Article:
Saint’s day…

Update 20.5.2022(18.5.2022)billn

Saint's Day

I planned a tasting of 2020 Saint Romain and Saint Aubin for this week in Beaune – little did I know that growers, stressed by a lack of vineyard workers and exponential growth of their vines just now, (more on that tomorrow) had better things to do than send samples to Beaune.

It’s not just me – re samples – Decanter this week were in the same position, Bourgogne Aujourd’hui and the Revue du Vin de France too, and even the BIVB’s Cave Prestige has seen a big drop in the number of samples sent by the domaines – estimating ‘half’ the volume of samples versus previous years would be generous!

So, I clearly didn’t have enough samples to make a single report for subscribers, so I’ll simply place the tasting notes here. Still, there are three domaines that I’d be interested to follow up on and, as always, the wines were tasted blind, their identities revealed only for the camera once done:

2020 Sebastien Magnien, St.Romain Sous le Château
Cork – broke in two
A forward and broad nose – citrus skins and relatively modest creamy oak. Broad, nicely vibrant flavour here. The oak is not excessive and fills out the palate, augmenting fine citrus bitters. This is very nicely mouth-watering and could be enjoyed today, though I’d perhaps wait 2 years. This is a lovely finishing wine.

2020 Géraldine Louise, St.Romain La Périère
A personalised cork – and I like the contemporary label very much
A little extra colour. A wide, if calmer, more compact nose in other directions – airy, faintly spiced, less visible oak. A wine that goes deeper, showing riper fruit too, more generous – almost rich. Here the oak is more visible in the flavours and whilst mouth-watering and showing a little mineral character in the finish, the previous wine is much more refreshing and has the better energy today. Give this 2-3 years in the cellar to see how it opens.

2020 Château Philippe le Hardi, St.Aubin En Vesveau
A more stony, mineral, freshness to this nose – narrower but quite deep. Hmm – flighty, energetic, relatively direct – tension – lots of rock and citrus, only faintly of oak and faintly perfumed in the modest length finish. I love the energy here – a super wine for today’s apéro…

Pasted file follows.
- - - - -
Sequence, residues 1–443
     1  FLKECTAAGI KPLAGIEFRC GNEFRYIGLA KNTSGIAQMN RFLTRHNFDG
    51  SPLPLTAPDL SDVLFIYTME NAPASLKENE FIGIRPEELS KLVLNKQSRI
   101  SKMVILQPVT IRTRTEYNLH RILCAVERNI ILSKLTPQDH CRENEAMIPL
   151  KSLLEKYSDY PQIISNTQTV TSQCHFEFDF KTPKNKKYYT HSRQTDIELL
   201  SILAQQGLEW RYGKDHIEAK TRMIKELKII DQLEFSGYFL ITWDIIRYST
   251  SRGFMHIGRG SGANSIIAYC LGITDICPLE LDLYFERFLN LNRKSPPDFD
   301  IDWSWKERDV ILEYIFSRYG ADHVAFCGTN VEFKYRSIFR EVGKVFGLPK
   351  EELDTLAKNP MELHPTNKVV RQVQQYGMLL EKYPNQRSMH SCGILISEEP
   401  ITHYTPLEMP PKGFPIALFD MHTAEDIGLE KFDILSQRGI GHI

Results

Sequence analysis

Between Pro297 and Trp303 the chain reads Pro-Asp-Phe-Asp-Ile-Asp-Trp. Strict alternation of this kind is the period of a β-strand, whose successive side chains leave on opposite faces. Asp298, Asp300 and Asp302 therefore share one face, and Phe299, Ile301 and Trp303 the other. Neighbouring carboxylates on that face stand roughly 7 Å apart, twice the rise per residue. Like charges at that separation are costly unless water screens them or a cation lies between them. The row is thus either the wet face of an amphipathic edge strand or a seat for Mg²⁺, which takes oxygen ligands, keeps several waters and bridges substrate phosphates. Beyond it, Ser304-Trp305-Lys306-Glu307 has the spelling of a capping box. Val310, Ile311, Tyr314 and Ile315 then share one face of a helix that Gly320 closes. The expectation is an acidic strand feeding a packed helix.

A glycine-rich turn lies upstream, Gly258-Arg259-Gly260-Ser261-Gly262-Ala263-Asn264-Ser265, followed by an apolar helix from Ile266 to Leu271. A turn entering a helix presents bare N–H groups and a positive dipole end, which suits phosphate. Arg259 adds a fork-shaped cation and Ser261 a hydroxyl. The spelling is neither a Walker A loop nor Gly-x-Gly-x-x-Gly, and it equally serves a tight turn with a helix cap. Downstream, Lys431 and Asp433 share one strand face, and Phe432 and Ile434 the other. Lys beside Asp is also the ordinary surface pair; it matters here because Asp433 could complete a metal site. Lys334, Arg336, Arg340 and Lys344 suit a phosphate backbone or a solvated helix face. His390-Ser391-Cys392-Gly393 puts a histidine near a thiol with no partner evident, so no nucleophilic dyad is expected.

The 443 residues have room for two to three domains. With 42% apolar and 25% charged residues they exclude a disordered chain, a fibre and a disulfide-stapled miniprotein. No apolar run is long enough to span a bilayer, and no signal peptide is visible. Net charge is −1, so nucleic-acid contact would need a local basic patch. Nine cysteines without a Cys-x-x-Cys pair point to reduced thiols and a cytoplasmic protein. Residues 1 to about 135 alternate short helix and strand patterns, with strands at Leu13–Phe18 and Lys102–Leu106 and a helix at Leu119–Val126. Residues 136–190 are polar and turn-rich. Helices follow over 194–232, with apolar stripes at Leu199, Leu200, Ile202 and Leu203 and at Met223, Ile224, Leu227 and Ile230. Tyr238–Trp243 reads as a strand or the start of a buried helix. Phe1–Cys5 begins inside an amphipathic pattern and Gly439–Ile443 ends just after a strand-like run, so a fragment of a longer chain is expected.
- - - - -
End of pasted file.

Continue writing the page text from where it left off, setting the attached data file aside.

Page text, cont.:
2020 Larue, St.Aubin 1er Sous Roche Dumay
Fortunately to pad out this tasting(!) I had a glass of this the day before! I didn’t see the seal.
That has both a width and an energy to the nose – the oak is very modest and it’s the citrus complexity that’s in command. The first impression is of a direct wine, vibrant with mineral energy – no padding. Time in the glass widens the perspective. Another wine of tension and delicious flavours. This is very good!

2020 Pierre Brisset, St.Aubin 1er Sous Roche Dumay
DIAM10 – and a second Sous Roche Dumay – not that well-known a 1er!
A fuller nose – large in the depth too – almost a richness of fruit. Belying the richness of the nose is a mouth-filling wine of lovely energy. There’s a more than interesting, almost haunting, mineral width to the finishing flavour. That’s a beautiful finish – a wine with disparate parts but a very good wine – so wait for it to come together – it could become excellent.

2020 Prosper-Maufoux, St.Aubin 1er Clos du Chateau
54mm (long!) cork and a much too heavy bottle!
Lovely – complex, airy, citrus – a little lime in the mix too – such an inviting nose. Mouth-filling – a flavour that really expands over the palate – almost fizzing as it goes. Not quite the sherbet-style of Montagny but some comparisons. A finish that rolls over the palate as it slowly unwinds. My favourite so far and a wine that should get better and better in the cellar – excellent wine.

2020 Prosper-Maufoux, St.Aubin 1er Combes au Sud
DIAM10 and a lighter bottle – so it seems that I tasted these two in the wrong order…
There are aromatic parallels with the flavours of the previous wine – sherbet energy – here backed with a modest oak component. More silky and mineral – hmm – another level of ripe but balanced concentration here. This flavour is delicious though with an ‘apple-y’ oxidative style and more visible oak – despite that, it’s an impressive finish. That’s a good wine, with very good energy too – but for drinking today – for my cellar, I’d prefer the previous wine because of the oxidiative style of this.

Agree? Disagree? Anything you'd like to add?

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